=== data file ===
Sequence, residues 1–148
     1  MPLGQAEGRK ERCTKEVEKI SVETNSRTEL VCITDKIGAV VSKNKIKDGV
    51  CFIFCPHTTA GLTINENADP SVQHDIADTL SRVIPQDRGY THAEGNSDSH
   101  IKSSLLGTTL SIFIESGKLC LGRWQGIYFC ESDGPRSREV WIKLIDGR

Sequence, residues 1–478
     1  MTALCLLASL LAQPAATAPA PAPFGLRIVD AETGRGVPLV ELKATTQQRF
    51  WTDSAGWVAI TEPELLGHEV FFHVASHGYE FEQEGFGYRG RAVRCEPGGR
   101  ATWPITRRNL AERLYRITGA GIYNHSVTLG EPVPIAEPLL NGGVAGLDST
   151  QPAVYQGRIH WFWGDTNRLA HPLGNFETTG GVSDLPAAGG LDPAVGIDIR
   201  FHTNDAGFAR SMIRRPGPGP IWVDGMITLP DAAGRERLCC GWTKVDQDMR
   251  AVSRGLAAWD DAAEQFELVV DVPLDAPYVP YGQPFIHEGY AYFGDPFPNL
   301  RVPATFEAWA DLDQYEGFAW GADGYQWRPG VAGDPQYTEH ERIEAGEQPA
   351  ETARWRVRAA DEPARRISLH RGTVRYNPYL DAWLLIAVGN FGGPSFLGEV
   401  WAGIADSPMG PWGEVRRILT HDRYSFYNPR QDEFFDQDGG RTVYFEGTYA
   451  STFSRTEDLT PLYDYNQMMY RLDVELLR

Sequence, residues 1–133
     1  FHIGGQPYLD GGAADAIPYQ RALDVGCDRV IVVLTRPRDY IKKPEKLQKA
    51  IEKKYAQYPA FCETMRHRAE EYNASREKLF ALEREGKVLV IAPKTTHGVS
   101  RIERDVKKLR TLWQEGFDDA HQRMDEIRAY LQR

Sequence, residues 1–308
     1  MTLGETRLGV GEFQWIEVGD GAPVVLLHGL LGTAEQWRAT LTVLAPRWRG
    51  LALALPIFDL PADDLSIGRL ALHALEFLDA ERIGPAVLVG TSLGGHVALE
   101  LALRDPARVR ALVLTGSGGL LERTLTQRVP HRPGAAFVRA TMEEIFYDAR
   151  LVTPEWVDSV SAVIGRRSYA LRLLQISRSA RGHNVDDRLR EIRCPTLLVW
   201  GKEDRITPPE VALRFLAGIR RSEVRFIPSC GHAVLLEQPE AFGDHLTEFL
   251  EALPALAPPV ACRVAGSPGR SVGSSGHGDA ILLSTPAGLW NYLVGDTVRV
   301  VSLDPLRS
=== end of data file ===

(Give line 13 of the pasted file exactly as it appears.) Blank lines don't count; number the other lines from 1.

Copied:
   351  ETARWRVRAA DEPARRISLH RGTVRYNPYL DAWLLIAVGN FGGPSFLGEV